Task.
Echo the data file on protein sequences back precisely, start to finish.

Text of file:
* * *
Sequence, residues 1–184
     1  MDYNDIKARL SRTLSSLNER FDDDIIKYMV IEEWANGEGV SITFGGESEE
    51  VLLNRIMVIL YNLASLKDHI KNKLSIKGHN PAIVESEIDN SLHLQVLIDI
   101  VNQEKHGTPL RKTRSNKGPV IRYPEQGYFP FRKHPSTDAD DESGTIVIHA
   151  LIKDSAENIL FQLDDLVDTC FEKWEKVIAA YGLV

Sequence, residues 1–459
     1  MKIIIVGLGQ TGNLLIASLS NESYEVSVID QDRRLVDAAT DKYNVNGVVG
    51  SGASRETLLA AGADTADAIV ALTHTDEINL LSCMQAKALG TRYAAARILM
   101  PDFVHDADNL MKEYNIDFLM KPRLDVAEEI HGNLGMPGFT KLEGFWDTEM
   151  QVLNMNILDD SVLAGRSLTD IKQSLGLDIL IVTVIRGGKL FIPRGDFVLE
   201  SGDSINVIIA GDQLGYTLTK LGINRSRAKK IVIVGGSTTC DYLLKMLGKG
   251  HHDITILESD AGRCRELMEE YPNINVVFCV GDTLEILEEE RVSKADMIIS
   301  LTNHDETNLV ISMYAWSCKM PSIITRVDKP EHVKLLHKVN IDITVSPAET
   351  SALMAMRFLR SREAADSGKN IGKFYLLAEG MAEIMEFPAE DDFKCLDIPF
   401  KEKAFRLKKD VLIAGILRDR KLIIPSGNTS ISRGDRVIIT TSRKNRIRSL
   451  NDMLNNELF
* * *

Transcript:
Sequence, residues 1–184
     1  MDYNDIKARL SRTLSSLNER FDDDIIKYMV IEEWANGEGV SITFGGESEE
    51  VLLNRIMVIL YNLASLKDHI KNKLSIKGHN PAIVESEIDN SLHLQVLIDI
   101  VNQEKHGTPL RKTRSNKGPV IRYPEQGYFP FRKHPSTDAD DESGTIVIHA
   151  LIKDSAENIL FQLDDLVDTC FEKWEKVIAA YGLV

Sequence, residues 1–459
     1  MKIIIVGLGQ TGNLLIASLS NESYEVSVID QDRRLVDAAT DKYNVNGVVG
    51  SGASRETLLA AGADTADAIV ALTHTDEINL LSCMQAKALG TRYAAARILM
   101  PDFVHDADNL MKEYNIDFLM KPRLDVAEEI HGNLGMPGFT KLEGFWDTEM
   151  QVLNMNILDD SVLAGRSLTD IKQSLGLDIL IVTVIRGGKL FIPRGDFVLE
   201  SGDSINVIIA GDQLGYTLTK LGINRSRAKK IVIVGGSTTC DYLLKMLGKG
   251  HHDITILESD AGRCRELMEE YPNINVVFCV GDTLEILEEE RVSKADMIIS
   301  LTNHDETNLV ISMYAWSCKM PSIITRVDKP EHVKLLHKVN IDITVSPAET
   351  SALMAMRFLR SREAADSGKN IGKFYLLAEG MAEIMEFPAE DDFKCLDIPF
   401  KEKAFRLKKD VLIAGILRDR KLIIPSGNTS ISRGDRVIIT TSRKNRIRSL
   451  NDMLNNELF